The Utah House has passed a bill that would allow voters to keep their personal information private. That information is currently available from voter registration records that have been posted online.
Eric Hutchings, R-Kearns, supports a bill that would allow voters to choose whether they want their personal details from state election records to be public. Last year, a web site bought personal information for 1.5 million Utah voters and posted it on the web. Hutchings says that kind of data is fodder for thieves like the ones who stole his identity.
“They had everything, my birthday, my social security, my address, my cell phone number. They had everything,” Hutchings said. “We have to protect the people and keep the confidence in the people that the government is not going to put them in a vulnerable position.”
Rep. Becky Edwards, R-North Salt Lake, is sponsoring a bill that would automatically exempt those personal details from public disclosure laws unless the voter opts in. She says the legislation would protect voters – particularly elderly ones -- from scam artists. It also would shield victims of domestic violence. Edwards says Utahns want these protections.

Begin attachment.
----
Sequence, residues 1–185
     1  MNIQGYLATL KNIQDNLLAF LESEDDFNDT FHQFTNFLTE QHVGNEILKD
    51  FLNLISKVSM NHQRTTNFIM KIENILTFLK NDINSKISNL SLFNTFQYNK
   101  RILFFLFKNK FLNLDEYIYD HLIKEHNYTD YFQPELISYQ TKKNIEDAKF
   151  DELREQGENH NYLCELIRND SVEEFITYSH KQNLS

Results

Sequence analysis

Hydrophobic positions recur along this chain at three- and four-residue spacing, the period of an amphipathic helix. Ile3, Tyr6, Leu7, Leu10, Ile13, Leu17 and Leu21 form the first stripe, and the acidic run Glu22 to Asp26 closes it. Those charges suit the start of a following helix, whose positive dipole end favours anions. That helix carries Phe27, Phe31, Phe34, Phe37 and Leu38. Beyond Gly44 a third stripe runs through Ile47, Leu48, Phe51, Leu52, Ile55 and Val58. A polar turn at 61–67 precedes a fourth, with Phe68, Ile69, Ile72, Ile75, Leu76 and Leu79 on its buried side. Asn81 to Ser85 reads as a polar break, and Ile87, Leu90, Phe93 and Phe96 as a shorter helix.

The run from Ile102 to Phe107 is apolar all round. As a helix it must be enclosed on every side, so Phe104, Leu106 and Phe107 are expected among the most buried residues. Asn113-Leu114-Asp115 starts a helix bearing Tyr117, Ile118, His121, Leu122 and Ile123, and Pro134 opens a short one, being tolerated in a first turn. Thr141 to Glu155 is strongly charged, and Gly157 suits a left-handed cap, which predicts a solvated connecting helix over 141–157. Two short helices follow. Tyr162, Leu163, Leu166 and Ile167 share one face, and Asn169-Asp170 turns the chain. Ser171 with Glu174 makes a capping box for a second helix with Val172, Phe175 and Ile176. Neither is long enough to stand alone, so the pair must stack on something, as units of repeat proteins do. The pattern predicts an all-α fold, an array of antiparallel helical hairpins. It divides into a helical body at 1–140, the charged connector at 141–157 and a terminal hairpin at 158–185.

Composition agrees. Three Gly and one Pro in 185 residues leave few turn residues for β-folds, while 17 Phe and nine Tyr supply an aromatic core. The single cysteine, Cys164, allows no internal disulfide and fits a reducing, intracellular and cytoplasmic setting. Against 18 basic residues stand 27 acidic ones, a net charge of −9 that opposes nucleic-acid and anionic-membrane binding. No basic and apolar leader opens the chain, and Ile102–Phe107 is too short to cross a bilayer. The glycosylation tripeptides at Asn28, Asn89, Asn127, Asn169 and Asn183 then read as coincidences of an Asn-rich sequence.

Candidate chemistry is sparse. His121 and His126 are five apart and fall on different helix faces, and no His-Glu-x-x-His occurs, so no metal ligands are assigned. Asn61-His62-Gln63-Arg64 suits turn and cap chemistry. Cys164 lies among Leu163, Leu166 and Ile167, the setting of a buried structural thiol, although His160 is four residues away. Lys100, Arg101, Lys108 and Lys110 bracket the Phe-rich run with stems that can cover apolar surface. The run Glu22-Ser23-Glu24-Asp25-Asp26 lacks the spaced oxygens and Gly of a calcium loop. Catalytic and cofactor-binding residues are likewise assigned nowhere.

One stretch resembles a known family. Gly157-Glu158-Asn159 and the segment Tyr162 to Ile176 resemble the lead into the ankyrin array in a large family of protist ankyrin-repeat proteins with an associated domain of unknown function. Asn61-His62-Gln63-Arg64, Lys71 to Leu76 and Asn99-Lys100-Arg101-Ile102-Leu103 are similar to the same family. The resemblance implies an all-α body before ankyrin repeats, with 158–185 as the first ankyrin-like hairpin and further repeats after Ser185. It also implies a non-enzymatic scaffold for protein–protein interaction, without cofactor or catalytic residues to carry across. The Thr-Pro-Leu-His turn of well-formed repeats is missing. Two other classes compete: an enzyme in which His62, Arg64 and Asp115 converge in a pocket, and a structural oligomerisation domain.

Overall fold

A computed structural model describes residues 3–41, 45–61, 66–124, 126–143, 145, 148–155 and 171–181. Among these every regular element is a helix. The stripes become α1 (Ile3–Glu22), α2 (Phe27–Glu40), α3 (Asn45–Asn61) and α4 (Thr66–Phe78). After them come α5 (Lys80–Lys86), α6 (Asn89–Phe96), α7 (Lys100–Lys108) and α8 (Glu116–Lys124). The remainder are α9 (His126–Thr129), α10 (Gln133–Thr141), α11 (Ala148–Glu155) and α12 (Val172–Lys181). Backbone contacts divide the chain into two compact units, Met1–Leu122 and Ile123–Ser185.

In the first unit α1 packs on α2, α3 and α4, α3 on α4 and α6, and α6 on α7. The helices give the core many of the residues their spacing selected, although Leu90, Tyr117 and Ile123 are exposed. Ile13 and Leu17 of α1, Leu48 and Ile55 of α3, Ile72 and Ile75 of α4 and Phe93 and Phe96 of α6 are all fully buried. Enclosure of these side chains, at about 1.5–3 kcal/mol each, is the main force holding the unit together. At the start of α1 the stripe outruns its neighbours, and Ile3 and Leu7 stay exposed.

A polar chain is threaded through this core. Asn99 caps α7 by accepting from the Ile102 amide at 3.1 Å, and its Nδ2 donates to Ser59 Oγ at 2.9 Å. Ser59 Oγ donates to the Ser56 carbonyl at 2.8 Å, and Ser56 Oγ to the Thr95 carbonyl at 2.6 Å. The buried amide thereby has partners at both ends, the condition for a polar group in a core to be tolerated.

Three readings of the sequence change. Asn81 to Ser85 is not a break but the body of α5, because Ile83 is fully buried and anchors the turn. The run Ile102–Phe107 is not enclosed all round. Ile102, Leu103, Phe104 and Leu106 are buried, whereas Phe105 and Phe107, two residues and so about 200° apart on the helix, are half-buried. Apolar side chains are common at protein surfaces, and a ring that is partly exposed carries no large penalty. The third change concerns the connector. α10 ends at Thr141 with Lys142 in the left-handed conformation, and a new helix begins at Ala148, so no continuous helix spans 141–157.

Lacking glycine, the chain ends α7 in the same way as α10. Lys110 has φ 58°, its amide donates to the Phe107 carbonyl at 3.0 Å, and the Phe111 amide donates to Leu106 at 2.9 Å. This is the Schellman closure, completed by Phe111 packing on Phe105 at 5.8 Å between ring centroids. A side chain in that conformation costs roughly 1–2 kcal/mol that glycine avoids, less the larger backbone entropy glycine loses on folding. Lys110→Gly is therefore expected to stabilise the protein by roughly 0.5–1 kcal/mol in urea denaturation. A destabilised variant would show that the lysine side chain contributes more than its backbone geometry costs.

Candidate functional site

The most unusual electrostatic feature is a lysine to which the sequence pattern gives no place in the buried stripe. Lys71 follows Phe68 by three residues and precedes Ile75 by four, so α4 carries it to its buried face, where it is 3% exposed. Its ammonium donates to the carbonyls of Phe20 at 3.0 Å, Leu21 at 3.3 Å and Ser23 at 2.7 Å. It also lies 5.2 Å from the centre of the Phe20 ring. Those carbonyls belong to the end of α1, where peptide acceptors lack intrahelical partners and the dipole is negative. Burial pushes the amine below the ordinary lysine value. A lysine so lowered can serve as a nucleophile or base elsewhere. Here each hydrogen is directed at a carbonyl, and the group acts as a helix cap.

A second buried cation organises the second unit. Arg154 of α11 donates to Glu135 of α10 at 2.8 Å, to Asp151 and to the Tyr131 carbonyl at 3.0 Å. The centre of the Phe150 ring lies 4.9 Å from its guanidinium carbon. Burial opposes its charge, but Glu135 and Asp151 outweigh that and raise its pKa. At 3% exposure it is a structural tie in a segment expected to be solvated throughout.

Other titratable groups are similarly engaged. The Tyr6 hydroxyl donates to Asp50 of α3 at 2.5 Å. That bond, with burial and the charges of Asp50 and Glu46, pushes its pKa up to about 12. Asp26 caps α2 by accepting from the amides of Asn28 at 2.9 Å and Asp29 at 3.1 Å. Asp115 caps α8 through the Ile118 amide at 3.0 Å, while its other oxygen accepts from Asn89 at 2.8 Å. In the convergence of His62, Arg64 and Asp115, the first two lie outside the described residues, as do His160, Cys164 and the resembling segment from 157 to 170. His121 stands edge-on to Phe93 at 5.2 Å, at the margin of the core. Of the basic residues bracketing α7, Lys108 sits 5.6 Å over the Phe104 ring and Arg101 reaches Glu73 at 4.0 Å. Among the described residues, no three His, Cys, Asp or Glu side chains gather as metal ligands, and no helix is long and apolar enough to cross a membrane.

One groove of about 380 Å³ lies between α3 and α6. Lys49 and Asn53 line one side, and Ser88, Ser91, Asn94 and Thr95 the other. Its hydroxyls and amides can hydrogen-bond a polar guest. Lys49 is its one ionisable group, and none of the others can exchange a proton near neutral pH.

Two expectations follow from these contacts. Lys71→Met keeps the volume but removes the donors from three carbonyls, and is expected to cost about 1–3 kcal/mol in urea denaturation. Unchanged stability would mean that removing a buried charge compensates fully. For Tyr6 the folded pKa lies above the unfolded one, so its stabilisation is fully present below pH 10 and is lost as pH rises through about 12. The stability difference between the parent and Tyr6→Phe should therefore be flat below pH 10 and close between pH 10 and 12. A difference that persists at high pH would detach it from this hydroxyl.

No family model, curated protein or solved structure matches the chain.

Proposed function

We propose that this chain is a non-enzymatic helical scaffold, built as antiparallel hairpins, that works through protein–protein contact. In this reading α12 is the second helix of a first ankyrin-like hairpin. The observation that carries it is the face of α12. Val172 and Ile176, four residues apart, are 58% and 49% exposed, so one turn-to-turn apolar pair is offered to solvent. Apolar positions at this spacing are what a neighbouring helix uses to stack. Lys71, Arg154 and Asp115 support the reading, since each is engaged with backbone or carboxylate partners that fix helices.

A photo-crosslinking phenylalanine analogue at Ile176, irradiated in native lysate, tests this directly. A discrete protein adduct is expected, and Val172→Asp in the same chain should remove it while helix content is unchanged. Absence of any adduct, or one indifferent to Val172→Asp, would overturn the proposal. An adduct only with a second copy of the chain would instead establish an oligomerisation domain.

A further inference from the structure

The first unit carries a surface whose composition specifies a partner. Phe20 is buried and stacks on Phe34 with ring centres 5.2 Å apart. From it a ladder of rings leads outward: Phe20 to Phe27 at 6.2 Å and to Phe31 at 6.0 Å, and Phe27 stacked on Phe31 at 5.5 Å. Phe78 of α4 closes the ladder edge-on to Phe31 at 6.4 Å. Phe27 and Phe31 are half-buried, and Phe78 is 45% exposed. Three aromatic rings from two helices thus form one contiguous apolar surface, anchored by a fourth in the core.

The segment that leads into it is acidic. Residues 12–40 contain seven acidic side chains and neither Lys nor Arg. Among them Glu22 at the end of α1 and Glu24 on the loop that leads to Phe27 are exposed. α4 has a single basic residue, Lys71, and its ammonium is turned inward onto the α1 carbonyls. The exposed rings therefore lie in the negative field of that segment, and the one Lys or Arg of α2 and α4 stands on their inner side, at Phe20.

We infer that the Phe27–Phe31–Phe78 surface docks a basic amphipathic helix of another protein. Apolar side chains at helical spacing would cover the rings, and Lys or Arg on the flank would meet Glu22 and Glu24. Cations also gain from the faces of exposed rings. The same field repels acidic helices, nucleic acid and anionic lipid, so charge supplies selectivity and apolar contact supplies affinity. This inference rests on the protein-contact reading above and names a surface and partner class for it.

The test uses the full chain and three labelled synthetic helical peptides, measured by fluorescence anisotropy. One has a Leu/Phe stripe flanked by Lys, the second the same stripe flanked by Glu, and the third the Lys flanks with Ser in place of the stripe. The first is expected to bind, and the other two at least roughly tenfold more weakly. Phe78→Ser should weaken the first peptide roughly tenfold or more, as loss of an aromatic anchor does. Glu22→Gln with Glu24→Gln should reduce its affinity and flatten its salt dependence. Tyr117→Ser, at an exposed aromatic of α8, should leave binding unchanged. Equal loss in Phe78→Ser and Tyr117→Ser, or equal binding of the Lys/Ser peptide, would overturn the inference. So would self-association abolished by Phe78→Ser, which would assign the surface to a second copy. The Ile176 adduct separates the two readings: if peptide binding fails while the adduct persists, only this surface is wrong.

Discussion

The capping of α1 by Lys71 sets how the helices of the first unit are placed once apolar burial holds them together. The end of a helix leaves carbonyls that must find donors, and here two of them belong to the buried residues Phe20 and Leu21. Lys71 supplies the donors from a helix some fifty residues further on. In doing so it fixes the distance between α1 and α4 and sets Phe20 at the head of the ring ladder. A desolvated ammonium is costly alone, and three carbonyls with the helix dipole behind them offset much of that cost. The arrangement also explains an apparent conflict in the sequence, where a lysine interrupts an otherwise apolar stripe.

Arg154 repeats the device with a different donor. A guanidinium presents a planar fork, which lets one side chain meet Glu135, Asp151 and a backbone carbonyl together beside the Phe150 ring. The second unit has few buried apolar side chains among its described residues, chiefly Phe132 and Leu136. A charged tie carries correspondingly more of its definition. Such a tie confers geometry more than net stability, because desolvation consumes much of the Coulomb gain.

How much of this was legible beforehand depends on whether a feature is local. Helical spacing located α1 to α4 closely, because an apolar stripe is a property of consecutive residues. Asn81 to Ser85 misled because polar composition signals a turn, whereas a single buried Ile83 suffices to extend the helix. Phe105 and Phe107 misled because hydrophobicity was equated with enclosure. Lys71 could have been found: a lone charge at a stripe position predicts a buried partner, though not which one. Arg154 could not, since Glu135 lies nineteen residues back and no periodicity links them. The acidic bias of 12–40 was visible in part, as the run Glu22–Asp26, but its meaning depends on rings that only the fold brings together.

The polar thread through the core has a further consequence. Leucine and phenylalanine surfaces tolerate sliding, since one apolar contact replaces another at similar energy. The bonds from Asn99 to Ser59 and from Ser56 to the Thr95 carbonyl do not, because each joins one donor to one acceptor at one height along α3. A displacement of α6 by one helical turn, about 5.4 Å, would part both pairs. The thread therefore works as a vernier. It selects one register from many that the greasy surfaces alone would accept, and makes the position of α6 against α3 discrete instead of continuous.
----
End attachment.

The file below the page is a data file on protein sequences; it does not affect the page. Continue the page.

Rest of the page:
“I believe strongly that an individual should not have to trade in their constitutional right to vote in order to insure their right to privacy,” Edwards said on the House floor.
Rep. Rebecca Chavez-Houck, D-Salt Lake City, cast one of two “no” votes on the bill. Instead, she supports voter-information legislation by Sen. Karen Mayne, D-West Valley City. House lawmakers are expected to debate it soon.
“I believe that the other bill that we will have an opportunity to hear addresses what I believe is the main challenge,” Chavez-Houck said, “which is what happens to this information and how does the government sell this outright, how do other individuals access this information.”
A coalition of Utah newspapers and broadcast outlets also supports Mayne’s bill. It would ban the sale of voter lists to anyone except political parties, researchers and journalists. The coalition opposes Edwards’ bill.